The Paravani HPP, operated by Georgian Urban Energy, is owned by the Turkish Andolu Group and EBRD, with the former being a 90 percent stakeholder and the latter holding 10 percent. To support construction costs, the EBRD invested US$ 52 million, while an additional US$ 40.5 million came from the IFC and a further US$ 23 million was raised from commercial banks.
While both the Shaukhevi and Parvani projects demonstrate the tremendous international interest in Georgia’s hydropower resources, they also imply that private investors are shy to invest without the safety-net offered by international donors and or financing agencies. At present, no sole FDI joint ventures or public-private partnerships, i.e. between private investors and the GoG, have materialized in the energy sector.
In addition, while the GoG is capable of financing and implementing small infrastructure projects such as the construction of a 25 kilometer new natural gas pipeline in Khakheti, larger projects require external support in the areas of financial and technical assistance.
Under these donor funded critical infrastructure projects, most key construction and oversight functions are performed by either international contractors or technical specialists. As a result, Georgian companies and individuals are rarely directly involved in all the fundamental phases of these projects, such as design, construction, operation and maintenance. While donors and their contractors work with and coach relevant Georgian counterparts, these capacity building activities usually impact a select few Georgian nationals. In most cases, these individuals already possess advanced training and knowledge, as compared to the overall population, and are often later recruited by international firms for projects outside Georgia.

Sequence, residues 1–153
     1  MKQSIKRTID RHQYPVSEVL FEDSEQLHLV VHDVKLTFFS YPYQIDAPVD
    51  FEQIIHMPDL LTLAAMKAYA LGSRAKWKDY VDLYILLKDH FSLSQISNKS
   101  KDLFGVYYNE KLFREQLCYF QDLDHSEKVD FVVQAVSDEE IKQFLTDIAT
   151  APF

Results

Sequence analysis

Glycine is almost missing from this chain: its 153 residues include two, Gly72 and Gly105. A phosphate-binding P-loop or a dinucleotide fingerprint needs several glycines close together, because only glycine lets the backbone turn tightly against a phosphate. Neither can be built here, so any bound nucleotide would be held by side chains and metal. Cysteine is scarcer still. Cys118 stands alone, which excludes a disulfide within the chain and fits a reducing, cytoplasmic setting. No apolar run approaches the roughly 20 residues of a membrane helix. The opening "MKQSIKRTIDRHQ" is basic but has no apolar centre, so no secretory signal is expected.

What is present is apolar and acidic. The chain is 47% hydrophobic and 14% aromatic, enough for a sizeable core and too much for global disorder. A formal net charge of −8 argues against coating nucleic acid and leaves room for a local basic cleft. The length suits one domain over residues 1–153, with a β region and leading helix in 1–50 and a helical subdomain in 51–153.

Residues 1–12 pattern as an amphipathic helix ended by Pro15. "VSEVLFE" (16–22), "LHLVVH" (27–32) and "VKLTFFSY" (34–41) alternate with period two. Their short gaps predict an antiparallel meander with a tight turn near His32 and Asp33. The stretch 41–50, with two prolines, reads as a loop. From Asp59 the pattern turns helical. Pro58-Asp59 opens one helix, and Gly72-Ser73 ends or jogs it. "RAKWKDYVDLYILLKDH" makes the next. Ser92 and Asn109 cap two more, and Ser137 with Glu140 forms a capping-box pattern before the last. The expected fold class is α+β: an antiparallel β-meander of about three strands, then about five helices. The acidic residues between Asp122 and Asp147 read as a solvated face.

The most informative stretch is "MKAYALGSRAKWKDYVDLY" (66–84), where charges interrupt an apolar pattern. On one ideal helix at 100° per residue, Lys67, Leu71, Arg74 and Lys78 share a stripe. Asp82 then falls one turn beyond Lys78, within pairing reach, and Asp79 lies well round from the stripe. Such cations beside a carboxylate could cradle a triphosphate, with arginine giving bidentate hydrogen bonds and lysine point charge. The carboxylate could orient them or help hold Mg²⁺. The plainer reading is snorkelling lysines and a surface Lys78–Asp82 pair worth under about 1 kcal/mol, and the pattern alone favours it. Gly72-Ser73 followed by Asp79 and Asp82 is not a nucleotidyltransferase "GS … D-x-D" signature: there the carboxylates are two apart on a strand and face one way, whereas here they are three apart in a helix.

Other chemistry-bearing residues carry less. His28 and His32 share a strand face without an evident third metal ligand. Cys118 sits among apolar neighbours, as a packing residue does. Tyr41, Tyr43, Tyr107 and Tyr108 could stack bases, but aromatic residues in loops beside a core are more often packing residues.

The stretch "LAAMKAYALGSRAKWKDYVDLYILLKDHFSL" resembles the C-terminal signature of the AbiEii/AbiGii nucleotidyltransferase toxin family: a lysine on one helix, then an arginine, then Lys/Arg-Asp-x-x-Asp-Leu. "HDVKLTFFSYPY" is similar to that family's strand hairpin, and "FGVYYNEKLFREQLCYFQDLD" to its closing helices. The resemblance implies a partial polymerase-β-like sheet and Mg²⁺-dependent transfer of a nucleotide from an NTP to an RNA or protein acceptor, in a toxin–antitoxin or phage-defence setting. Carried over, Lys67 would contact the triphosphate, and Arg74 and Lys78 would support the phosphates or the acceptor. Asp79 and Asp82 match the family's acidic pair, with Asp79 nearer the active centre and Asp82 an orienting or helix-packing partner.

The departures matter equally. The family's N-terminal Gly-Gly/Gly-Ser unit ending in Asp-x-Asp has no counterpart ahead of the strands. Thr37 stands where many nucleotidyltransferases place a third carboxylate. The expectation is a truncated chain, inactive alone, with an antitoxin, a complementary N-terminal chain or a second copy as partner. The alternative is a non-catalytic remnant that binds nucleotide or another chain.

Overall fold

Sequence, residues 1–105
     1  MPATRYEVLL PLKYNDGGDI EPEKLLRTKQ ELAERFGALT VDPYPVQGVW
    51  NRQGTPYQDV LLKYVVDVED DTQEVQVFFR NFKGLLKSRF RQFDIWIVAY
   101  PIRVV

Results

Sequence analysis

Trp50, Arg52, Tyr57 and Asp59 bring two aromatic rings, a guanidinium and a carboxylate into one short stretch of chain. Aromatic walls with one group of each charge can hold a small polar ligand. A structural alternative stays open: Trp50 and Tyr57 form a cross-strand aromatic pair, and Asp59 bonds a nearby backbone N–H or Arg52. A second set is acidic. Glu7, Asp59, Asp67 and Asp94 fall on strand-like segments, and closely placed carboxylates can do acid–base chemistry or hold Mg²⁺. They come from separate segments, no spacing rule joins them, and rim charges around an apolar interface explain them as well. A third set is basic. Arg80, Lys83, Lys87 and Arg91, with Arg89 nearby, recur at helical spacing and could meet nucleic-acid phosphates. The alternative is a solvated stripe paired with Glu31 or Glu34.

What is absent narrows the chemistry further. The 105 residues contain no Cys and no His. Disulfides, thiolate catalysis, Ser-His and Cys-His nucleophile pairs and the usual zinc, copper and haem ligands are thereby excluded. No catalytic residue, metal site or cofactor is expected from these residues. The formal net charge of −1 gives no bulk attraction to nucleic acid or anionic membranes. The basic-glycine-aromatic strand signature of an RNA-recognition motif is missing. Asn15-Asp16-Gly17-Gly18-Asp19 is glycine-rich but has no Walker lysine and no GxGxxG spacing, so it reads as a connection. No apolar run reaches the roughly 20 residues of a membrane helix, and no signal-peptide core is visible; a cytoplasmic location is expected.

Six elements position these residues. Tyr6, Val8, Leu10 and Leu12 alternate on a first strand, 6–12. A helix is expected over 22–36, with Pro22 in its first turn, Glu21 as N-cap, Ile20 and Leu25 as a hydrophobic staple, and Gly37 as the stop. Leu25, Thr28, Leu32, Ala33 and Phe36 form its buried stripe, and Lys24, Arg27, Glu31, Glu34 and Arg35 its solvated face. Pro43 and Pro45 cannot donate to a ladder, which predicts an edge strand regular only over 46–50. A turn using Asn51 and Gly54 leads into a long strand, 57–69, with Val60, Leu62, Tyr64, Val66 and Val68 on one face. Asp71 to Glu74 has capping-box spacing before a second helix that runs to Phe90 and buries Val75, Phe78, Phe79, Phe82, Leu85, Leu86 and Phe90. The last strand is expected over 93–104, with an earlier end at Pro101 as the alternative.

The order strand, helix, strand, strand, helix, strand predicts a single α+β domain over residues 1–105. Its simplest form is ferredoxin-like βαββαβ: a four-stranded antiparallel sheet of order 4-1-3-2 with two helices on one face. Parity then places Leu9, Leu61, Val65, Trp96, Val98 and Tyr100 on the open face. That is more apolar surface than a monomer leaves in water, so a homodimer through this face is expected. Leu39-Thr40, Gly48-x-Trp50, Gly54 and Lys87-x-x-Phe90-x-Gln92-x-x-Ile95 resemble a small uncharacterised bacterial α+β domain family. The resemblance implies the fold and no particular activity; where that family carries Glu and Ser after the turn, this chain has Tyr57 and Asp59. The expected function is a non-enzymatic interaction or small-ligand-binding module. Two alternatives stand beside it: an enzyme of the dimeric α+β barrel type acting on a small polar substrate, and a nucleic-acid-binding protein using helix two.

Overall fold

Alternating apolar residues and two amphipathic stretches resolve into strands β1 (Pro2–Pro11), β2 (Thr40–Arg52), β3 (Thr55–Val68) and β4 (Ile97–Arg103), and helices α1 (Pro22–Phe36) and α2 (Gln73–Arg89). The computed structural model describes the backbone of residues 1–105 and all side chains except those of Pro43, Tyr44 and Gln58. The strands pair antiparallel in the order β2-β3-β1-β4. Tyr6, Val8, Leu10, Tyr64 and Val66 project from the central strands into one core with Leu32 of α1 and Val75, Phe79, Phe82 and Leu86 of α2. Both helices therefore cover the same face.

Currently, Georgia does not have a substantial cadre of highly trained technical specialists, possessing the knowledge and skills to construct, operate and maintain its energy grid without the support and guidance of international technical experts. Therefore, key infrastructure sites are often constructed by international contractors, rendering Georgia dependent on external advice and support to build its energy network.
CONCLUSIONS: The Georgian Government faces multiple challenges in creating a policy that will support both the country’s long-term energy security and interdependence with regional trading partners. Before becoming fully integrated into regional energy networks, Georgia must first ensure the stability of its internal energy grid, which requires continued maintenance and upgrading, as well as its ability to meet local consumption needs. In 2014 Georgia imported electricity from Armenia, Azerbaijan, Russia and Turkey, with Russia and Azerbaijan being the key import countries. Therefore, while Georgia does export energy during the summer months due to hydropower resources, its energy sector requires additional time, financing and human resources before gaining long-term stability, sustainability and security. The energy sector may be further strengthened by increasing generation capacity, building new power plants or rehabilitating existing ones and constructing new transmission lines, all of which will work to support a reliable transit of power through Georgia.
AUTHOR'S BIO: Ariela Shapiro is an international development professional with five years’ experience working in the Southern Caucasus and Eastern Europe for USAID and World Bank activities supporting democracy and governance, economic growth and energy infrastructural development. Most recently, she is supporting a USAID funded project to develop municipal and national government joint activities in specific energy and economic sectors.
Image Attribution: Scott Sutherland & Wikimedia Commons